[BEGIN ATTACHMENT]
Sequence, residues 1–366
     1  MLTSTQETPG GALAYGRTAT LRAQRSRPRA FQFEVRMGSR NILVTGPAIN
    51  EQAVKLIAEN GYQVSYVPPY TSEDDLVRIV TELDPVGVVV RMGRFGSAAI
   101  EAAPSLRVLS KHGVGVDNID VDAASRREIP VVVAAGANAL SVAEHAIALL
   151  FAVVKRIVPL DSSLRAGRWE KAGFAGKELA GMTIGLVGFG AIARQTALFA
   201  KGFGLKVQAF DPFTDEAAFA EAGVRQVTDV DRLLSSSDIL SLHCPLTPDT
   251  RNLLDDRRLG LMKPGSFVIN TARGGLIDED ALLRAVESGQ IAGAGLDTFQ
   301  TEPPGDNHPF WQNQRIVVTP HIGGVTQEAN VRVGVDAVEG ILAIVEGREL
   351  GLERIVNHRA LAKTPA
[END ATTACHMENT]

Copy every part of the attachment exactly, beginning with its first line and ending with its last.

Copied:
Sequence, residues 1–366
     1  MLTSTQETPG GALAYGRTAT LRAQRSRPRA FQFEVRMGSR NILVTGPAIN
    51  EQAVKLIAEN GYQVSYVPPY TSEDDLVRIV TELDPVGVVV RMGRFGSAAI
   101  EAAPSLRVLS KHGVGVDNID VDAASRREIP VVVAAGANAL SVAEHAIALL
   151  FAVVKRIVPL DSSLRAGRWE KAGFAGKELA GMTIGLVGFG AIARQTALFA
   201  KGFGLKVQAF DPFTDEAAFA EAGVRQVTDV DRLLSSSDIL SLHCPLTPDT
   251  RNLLDDRRLG LMKPGSFVIN TARGGLIDED ALLRAVESGQ IAGAGLDTFQ
   301  TEPPGDNHPF WQNQRIVVTP HIGGVTQEAN VRVGVDAVEG ILAIVEGREL
   351  GLERIVNHRA LAKTPA